In No More Champagne: Churchill and His Money, author David Lough reveals a lesser known side of Winston Churchill. Although the famous prime minister is certainly seen as a risk-taker by many for his fearless decision-making during World War II, the extent of the chances he took with his personal finances has never been examined like this before.
Lough creates a timeline of unfortunate financial decisions to tell the story of Churchill’s life. There’s the trip he embarked on to dispatch news from Cuba as a means of escaping England, where he could not keep up with his peers’ lavish spending. Then there was the time he squandered an unexpected inheritance—equivalent to about $5 million today.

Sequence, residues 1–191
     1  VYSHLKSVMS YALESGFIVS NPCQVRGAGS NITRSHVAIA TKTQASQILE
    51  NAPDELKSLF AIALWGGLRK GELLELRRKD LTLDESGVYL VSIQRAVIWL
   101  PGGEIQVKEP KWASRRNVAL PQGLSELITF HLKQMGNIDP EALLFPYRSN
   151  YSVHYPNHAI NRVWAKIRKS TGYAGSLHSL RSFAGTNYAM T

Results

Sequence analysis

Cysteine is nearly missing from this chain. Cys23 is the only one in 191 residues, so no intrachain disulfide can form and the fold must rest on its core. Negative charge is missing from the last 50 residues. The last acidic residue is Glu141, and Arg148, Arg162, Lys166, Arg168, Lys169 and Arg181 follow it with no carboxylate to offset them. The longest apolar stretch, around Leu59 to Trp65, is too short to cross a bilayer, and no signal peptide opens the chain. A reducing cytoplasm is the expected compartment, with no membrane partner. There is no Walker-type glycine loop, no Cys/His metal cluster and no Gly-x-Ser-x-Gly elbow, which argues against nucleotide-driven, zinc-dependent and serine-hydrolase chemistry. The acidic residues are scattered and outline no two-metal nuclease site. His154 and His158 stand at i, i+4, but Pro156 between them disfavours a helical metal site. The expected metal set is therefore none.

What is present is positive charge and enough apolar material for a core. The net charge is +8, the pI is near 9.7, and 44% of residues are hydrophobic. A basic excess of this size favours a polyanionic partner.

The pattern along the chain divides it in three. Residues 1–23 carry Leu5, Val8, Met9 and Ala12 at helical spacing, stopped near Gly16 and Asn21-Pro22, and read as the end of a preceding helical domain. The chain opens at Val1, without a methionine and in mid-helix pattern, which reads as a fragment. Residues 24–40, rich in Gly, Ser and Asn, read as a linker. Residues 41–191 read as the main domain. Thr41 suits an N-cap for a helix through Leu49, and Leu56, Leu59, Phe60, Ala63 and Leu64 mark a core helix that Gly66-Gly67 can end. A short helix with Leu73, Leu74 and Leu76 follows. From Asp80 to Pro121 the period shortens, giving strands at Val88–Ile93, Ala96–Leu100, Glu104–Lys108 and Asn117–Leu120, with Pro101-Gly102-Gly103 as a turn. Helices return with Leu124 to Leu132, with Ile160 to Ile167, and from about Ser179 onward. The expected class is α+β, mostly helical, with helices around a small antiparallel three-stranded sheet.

“The most surprising thing I think he did,” says Lough, “was that during the 1930s, when he was so much in debt—and the debt was building up and up and getting worse and worse however hard he tried—whenever he was on holiday in France, he would still go to the casino and gamble away and lose another $50,000 a year on top of everything else.”
Churchill’s problems were not caused by a lack of ingenuity. “By the time he was 25,” says Lough, “he had inherited not an acre of land or any money from his parents or anybody, but he had made himself what in today’s terms would be a millionaire.” He simply couldn’t seem to resist the temptation to gamble, spend, or make high-risk investments with his earnings. He was a self-made man, but his desire to maintain the allure of being part of the wealthy class created quite a dark chest of secrets for this historical icon.
No More Champagne: Churchill and His Money, $17.60, amazon.com